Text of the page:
a certain way and got stuck in that? There are different kinds of
grieving. In one kind, we spin around and get stuck in our loss.
Sometimes we feel that this is what we should do if we grieve. But
in fact, grief is the natural process of acknowledging that a change
has happened and adapting to that change. Unhealthy grief is being
filled with sorrow and getting stuck there. Healthy grief is the
process of adjusting to a major change. With this grief, we re-evaluate
things and adjust to new circumstances. This opens a space so we
don't get stuck in the sadness, guilt, anger, or other emotions.
Student: I interpreted the president's advice to get
back to work to mean "We're not going to be paralyzed by the
fear of what might happen. We're not going to remain shocked that
this happened because it has."
I've been saying the bodhisattva prayer "For
as long as space endures
" for a long time. Now I'm realizing
that I haven't really understood it well. I have a lot of respect
for His Holiness and the Tibetan people and what they have been
through. In spite of what His Holiness has experienced, he still
recites this prayer.
In comparison, I've had a very privileged
life and have thought that the meaning of that prayer was fairly
easy. But after September 11, I have an intense sadness regarding
cyclic existence. And now, I have a hard time saying that prayer.
I don't know how I can wish to stay around all this pain and suffering
for eons in order to benefit others. I'm having a lot of doubts.
VTC: I think that shows that the Dharma is sinking
in and that you're making a big step forward in your practice. Dharma
practice can seem easy at the beginning. The ideals of Buddhism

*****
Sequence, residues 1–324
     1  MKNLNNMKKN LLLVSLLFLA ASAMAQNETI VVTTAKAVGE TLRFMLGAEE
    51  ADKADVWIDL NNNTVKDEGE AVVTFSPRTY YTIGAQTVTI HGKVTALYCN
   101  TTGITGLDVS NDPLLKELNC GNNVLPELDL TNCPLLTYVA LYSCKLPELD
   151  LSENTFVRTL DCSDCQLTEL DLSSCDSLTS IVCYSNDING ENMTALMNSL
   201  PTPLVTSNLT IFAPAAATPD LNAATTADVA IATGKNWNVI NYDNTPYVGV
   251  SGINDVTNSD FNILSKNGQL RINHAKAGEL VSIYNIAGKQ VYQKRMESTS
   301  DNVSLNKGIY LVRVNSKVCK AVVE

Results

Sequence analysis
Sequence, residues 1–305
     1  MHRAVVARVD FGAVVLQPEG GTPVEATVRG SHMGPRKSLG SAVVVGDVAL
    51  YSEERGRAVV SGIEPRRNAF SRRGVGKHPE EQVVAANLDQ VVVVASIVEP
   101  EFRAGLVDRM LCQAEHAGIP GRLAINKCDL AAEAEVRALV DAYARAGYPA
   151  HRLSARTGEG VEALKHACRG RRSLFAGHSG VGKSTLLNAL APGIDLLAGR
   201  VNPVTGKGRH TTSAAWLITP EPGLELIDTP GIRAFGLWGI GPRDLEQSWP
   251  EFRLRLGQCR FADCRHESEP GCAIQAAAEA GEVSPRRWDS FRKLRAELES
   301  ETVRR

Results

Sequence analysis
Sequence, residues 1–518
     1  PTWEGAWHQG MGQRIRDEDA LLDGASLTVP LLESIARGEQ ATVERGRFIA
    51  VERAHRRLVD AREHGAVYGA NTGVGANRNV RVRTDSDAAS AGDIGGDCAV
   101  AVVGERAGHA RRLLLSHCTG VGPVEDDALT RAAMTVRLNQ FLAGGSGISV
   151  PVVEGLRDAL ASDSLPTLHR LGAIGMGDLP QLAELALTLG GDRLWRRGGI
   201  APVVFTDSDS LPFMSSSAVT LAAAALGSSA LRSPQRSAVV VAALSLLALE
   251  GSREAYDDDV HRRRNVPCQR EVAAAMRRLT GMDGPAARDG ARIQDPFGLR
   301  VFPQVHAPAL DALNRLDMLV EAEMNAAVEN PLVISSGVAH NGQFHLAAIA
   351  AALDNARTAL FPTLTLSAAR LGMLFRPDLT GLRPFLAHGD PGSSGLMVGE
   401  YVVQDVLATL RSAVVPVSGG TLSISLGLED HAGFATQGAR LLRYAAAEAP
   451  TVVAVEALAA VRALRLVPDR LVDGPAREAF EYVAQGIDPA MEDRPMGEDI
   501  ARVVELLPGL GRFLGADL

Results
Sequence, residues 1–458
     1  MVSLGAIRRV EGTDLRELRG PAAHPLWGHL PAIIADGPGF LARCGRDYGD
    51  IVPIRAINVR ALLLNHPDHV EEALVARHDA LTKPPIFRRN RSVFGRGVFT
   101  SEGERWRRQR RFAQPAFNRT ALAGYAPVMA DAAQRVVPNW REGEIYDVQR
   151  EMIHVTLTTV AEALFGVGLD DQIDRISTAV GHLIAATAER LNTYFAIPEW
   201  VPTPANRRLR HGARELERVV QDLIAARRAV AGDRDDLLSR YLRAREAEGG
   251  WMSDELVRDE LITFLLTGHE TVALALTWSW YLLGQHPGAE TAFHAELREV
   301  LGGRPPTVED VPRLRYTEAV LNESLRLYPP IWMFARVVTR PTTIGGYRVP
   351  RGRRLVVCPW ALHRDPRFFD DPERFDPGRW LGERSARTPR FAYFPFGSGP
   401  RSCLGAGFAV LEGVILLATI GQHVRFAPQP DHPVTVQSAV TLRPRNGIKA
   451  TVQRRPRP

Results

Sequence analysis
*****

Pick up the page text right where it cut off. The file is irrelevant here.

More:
are so wonderful and we feel so inspired to say prayers and make
aspirations. But at some point when we begin to really think about
what the prayers and aspirations mean, we come up against the reality
of the situation. We begin to see what our own mind is like at present,
and we begin to understand the depth of change that must occur for
us to even begin to actualize the meaning of our aspirations. At
that point, the prayers are not just nice, beautiful ideals. They
become something to practice. Then, you're right, saying those prayers
becomes harder because we know we are making a commitment. When
Dharma begins to challenge our comfort level, that's when some practice
I had to face something similar in myself. Before
all of this started, I was scheduled to go to Israel. Just a couple
of weeks ago, I made the decision not to go because of the terrorism
and danger there. Some of my Israeli students were not very happy,
and I believe they saw me as a bit of a coward. They didn't think
that my concern for personal safety was a good enough reason for
not going. They live there, that's their reality, and they couldn't
figure out why I was hesitant to go.
In "The Guru Puja" there's a verse
about the far-reaching attitude of effort. It says, "Even if
we must remain for an ocean of eons in the fiery hells even for
the sake of one sentient being, inspire us to complete the perfection
of joyous effort to strive with compassion for supreme enlightenment
and not to be discouraged." I say this verse every morning
and feel, "Sure, I'm willing to go to the hell realm for the
benefit of one sentient being. I can build up my courage to do that."
Then I had to face that I couldn't even go to Israel for the benefit
of a group of people. I have to accept where I'm at. I say this
verse every morning and I'm nowhere close. In fact, forget going
to the hell realm for one sentient being, forget going to Israel
for many sentient beings. I don't want to endure even stubbing my
toe. I don't want to go through hardship for myself, even. It's
hard to say the bodhisattva aspirational prayers when we really
think about what they mean.